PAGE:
I don’t read the Daily Mirror very often but my Twitter timeline caught my eye “Inside hell of private children’s homes with missing kids, rape and drugs – Mirror Online

EXCLUSIVE: The number of children in care began to decline in the early 2000s but is up a third since 2008 to 78,000 – with these vulnerable children being targeted by criminal gangs
— Read on www.mirror.co.uk/news/uk-news/hell-private-kids-homes-vulnerable-22995562

“Don Berwick, President Emeritus at the Institute for Healthcare Improvement on how leaders can adapt during changing circumstances. He stressed that when the world is changing, we all need to change and adapt too. Learning dynamically is key – and leaders have a role in ensuring their teams feel equipped and supported to develop their skills and knowledge together.”

We spoke to Don Berwick, President Emeritus at the Institute for Healthcare Improvement, to ask him how leaders can adapt during changing circumstances. (2-minute video)
— Read on www.kingsfund.org.uk/audio-video/don-berwick-adapting-changing-circumstances

Self care and resilience during Covid-19 | The King’s Fund

“We spoke to Fatima Khan-Shah, Patient Leader and Partnership Lead for the Unpaid Carers Programme, West Yorkshire and Harrogate Health and Care Partnership, about why it’s so important to prioritise self care during the Covid-19 (coronavirus) crisis.
— Read on www.kingsfund.org.uk/audio-video/self-care-resilience-fatima-khan-shah

Magistrates must be recruited from more diverse backgrounds to better reflect communities, campaigners warn

While data relating to age, gender and ethnic diversity of magistrates is collected, information on social backgrounds is not available
— Read on inews.co.uk/news/uk/magistrates-bame-diverse-backgrounds-reflect-society-661990

Unpleasant reading for professionals: Misogyny in the family courts – VictimFocus Blog

A blog that highlights not only how women are being labelled but also how reports of child abuse are being used to undermine the credibility of women.

— Read on victimfocusblog.com/2020/09/22/misogyny-in-the-family-courts/amp/

Diva exposed via WhatsApp as, a self-proclaimed Diva- what does the Employment tribunal think?

If you disclose your personal life to colleagues, join in the banter and embellish your operatic status by calling your a diva (yes, I know what a diva is) – then you might want to think before taking your employer to the Employment Tribunal – all is laid bare! Read the attached judgment if you really need the gossip. Moral: WhatsApp might be secure platform but not in the hands of those you upset!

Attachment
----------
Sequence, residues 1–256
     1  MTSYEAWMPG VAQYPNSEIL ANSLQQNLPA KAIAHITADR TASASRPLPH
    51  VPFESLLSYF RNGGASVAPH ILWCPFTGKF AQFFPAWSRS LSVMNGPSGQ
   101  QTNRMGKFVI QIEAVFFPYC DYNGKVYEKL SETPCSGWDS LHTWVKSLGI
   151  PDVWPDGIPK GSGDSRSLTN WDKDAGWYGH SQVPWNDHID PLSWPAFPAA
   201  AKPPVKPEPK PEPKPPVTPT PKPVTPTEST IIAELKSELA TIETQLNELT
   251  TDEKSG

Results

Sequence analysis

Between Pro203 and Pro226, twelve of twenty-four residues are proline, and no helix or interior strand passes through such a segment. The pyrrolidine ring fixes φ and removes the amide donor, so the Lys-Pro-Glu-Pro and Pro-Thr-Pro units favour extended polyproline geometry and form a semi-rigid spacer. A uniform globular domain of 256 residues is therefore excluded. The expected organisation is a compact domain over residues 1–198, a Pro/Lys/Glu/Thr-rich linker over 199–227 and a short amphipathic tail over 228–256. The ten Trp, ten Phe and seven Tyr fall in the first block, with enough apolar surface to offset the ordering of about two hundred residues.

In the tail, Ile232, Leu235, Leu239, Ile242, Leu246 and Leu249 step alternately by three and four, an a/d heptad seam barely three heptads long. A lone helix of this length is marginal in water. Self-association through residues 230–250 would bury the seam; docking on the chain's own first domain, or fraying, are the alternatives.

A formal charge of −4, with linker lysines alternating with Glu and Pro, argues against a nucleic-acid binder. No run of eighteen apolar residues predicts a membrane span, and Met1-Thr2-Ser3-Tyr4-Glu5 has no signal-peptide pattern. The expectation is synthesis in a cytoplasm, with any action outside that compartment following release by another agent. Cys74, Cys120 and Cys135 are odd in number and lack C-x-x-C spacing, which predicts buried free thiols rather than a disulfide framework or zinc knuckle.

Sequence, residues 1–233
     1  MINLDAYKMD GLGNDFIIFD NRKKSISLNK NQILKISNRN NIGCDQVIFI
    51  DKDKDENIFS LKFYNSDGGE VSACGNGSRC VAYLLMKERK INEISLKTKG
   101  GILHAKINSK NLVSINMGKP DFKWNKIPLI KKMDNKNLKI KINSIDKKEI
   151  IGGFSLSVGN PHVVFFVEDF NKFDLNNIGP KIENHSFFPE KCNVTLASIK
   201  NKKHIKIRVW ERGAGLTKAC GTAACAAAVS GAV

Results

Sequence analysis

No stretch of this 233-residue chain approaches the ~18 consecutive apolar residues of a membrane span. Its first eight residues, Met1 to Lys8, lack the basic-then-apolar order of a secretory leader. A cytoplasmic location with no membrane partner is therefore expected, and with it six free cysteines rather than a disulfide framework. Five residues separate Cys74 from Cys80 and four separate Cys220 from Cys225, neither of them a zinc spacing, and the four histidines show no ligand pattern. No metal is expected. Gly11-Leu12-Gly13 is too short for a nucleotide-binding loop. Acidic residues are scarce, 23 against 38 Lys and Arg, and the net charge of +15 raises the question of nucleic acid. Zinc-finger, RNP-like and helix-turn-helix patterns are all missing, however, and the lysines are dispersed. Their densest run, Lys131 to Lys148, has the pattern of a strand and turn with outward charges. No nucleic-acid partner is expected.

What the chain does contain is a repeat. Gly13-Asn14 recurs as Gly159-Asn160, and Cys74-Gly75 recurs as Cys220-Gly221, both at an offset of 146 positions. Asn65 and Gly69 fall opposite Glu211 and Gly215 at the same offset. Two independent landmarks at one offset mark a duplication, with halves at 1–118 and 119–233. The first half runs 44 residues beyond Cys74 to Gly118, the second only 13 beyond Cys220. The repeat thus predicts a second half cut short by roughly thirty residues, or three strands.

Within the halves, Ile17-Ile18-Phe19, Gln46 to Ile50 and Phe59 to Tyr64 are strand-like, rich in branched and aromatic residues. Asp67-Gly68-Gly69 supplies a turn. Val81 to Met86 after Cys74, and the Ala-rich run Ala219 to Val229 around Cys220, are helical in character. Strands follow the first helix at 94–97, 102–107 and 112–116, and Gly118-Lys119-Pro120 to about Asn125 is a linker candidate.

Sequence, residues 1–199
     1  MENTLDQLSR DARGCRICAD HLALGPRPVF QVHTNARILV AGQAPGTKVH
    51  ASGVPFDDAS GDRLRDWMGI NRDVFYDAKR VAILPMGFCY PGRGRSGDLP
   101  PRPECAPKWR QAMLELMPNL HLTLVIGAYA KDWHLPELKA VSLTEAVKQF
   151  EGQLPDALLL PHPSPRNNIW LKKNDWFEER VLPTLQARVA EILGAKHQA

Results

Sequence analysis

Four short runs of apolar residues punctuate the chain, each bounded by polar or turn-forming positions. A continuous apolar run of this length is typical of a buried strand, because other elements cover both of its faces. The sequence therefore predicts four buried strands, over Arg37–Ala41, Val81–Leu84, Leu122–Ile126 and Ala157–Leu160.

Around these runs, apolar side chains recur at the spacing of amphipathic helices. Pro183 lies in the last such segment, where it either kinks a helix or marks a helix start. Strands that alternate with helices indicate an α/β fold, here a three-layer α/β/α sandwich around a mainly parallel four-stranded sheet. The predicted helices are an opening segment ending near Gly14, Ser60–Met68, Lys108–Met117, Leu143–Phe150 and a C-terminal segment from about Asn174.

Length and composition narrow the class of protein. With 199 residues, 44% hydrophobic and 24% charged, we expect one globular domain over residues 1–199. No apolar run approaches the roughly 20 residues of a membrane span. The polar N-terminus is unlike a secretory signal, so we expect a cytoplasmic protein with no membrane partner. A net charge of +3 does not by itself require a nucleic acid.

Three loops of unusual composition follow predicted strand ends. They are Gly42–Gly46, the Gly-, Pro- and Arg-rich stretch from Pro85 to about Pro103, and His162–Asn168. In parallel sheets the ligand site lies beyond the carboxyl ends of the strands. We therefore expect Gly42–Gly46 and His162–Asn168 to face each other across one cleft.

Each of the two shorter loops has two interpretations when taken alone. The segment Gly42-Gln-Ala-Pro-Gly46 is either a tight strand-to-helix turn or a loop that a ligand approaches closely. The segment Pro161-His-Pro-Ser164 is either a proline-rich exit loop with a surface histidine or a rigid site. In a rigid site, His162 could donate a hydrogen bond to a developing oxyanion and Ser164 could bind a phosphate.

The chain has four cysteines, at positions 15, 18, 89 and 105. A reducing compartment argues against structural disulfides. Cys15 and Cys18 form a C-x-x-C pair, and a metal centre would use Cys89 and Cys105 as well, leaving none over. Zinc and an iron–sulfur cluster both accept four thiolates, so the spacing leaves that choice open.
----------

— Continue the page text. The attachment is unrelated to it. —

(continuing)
The ‘gay cure’ experiments that were written out of scientific history | Mosaic

Robert Heath claimed to have cured homosexuality by implanting electrodes into the pleasure centre of the brain. Robert Colvile reports on one of the great forgotten stories of neuroscience.
— Read on mosaicscience.com/story/gay-cure-experiments/

Nothing prepares you for being a foster parent during a global pandemic – Metro

@MartinBarrow spotlights a paradox that has arisen in these strange and uncertain times where foster careers, (responsible on behalf of society) for other people’s children, are unable to see their own children or grandchildren. Recipe for future disharmony?
— Read on metro.co.uk/2020/04/02/ive-fostering-12-years-navigating-global-pandemic-frightens-12493734/amp/

Hillcrest Children’s Services Limited (a privately owned limited Company is closed by Ofstead.

Following a monitoring visit this privately owned care home was found not be safe. That said, both leaders and managers took urgent action to address the concerns and this means the home is to close temporarily – whilst improvements are made.

At the time of the monitoring visit, two children were living in the home (a maximum of six were permitted).

Inspectors found that the staff do not have the skills and experience to manage children’s behaviour, and incidents escalate because staff do not use effective de- escalation techniques to manage incidents in the home.

Conflict management is not effective and there is no use of restorative practice to improve children’s sense of personal responsibility. As a result, children do not feel safe living in this home, and this is reflected in their escalating behaviour. Sadly, there is more to this report (linked below).

The registered manager has been in post since November 2019 and was only registered with Ofsted on 12 June 2020. The inspection date was 19 August 2020.

Clearlswift action was taken by Ofstead.


Thank you @martinbarrow for bringing our attention to this report.

Become a magistrate – GOV.UK

Magistrates are volunteers who hear cases in courts in their community. They can hear cases in the criminal court, the family court, or both.

Each case is usually heard by 3 magistrates, including a magistrate who is trained to act as a chairperson.

A legal adviser in the court gives advice on the law and makes sure the magistrates follow the right procedures.


An interesting video, arguing that Aristotle was wrong; there are far more than five senses. Does that challenge our thinking on what is acceptable evidence?

Scientists have long known that there’s much more to our experience than the five senses (or ‘outward wits’) described by Aristotle – hearing, sight, smell, touch and taste. Yet the myth of five senses persists, perhaps because a clearer understanding of our sensory experience at the neurological level has only recently started to take shape. In this instalment of Aeon’s In Sight series, the British philosopher Barry C Smith argues that the multisensory view of human experience that’s currently emerging in neuroscience could make philosophising about our senses much more accurate, and richer, allowing philosophers to complement the work of scientists in important ways. But first, philosophy must catch up to the major advances being made in brain science

Link to video: here

This is a guest post from Bob Grieg, Co Chair of Only Mums and Only Dads and co author of 101 Questions Answered About Separating With Children – “The Transparency Project”

A view from the cheap seats | The Transparency Project
— Read on www.transparencyproject.org.uk/a-view-from-the-cheap-seats/